- Hydrogen is not necessarily renewable?
- That depends on how the hydrogen is produced. If it has been produced through electrolysis, which goes through electricity based on renewable energy, hydrogen will also be renewable. Hydrogen is not an energy source in and of itself; it is rather an energy carrier.
- If we assumed that Mine 7 has enough coal for 10 years maximum, then establishing alternatives is a rather urgent matter. Can the solutions that you indicate in your doctoral work come into place in such a limited period of time?
- Like I said, solar cell panels and wind turbines are well-established and existing commodities that can be ordered any time. There is also the opportunity to gradually install modules; one does not need to build a massive power plant right away, but can install and start using it bit by bit.
As these modules are gradually built up, they are phased into the system at the same time as coal-based power is phased out and thus energy becomes more sustainable.
- Costs will matter. What do your calculations indicate?
- Costs drive the entire model that I describe. What is clear, is that the costs of solar and wind power are decreasing rather substantially, in particular for solar energy.
The costs of accumulating or storing energy constitute a major portion, but as I demonstrate in my calculation models, importing hydrogen will dramatically reduce the overall costs – up to 2-3 times when compared to producing and storing hydrogen locally in Longyearbyen. In addition, reserve power based on fossil fuels can further reduce costs, depending on how large emissions are permitted.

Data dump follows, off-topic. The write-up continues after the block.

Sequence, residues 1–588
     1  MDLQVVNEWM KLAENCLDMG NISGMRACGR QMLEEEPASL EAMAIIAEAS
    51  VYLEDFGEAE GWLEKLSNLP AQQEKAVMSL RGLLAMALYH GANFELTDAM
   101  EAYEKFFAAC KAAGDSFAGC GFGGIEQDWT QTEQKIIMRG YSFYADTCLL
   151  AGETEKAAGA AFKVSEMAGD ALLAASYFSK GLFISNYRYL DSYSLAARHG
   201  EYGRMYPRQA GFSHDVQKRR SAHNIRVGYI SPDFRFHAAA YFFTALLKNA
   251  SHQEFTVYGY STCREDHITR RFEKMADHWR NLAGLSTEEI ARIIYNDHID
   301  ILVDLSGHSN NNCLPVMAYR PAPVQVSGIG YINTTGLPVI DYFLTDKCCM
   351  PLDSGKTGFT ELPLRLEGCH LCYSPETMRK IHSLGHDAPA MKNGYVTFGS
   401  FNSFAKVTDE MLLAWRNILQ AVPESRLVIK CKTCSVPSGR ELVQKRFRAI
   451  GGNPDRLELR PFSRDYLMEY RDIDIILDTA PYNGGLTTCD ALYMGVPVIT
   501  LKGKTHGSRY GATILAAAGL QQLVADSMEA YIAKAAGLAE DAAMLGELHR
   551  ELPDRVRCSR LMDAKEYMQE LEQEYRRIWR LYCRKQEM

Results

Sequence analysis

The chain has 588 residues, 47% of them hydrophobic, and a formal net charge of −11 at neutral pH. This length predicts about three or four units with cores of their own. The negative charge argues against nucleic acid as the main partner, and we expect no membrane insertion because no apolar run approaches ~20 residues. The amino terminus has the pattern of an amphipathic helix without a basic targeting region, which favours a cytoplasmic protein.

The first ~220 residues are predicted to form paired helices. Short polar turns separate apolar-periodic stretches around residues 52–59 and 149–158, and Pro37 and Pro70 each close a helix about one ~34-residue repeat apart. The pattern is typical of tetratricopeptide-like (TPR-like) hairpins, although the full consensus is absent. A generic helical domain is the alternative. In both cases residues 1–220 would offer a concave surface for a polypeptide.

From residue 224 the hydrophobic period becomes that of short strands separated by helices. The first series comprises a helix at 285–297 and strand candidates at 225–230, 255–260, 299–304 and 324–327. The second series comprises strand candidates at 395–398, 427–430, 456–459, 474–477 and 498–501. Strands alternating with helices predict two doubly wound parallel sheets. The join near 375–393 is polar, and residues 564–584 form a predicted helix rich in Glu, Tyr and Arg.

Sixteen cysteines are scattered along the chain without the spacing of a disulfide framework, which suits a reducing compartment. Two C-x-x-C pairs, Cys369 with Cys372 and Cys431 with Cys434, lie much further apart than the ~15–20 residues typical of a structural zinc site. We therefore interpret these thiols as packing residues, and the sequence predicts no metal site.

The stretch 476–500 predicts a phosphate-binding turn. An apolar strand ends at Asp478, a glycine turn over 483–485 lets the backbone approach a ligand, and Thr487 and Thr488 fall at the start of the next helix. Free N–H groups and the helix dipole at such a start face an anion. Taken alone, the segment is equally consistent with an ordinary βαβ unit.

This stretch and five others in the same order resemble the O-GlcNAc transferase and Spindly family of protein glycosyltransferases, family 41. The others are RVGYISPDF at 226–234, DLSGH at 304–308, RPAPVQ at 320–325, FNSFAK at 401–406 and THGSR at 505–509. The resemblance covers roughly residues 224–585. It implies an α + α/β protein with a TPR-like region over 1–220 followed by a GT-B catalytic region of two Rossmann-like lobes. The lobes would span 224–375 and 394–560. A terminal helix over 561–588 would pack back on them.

- And we are talking about energy for electric power and heat to the households in Longyearbyen, as well as for larger power consumers such as UNIS, the coalmining company, LNS and others?
- We have included everything in the model, save for the transport sector, which may become relevant at a later stage. Should the tourist industry continue expanding, providing land-based power for cruise ships may be relevant, or smaller tourist vessels that can run on hydrogen or electricity, or even snowmobiles on hydrogen.
However, that is something that has to be looked into at a later stage, Hans-Kristian Ringkjøb says.
He argues that the option of providing a power cable from mainland Norway to Svalbard is neither realistic nor viable.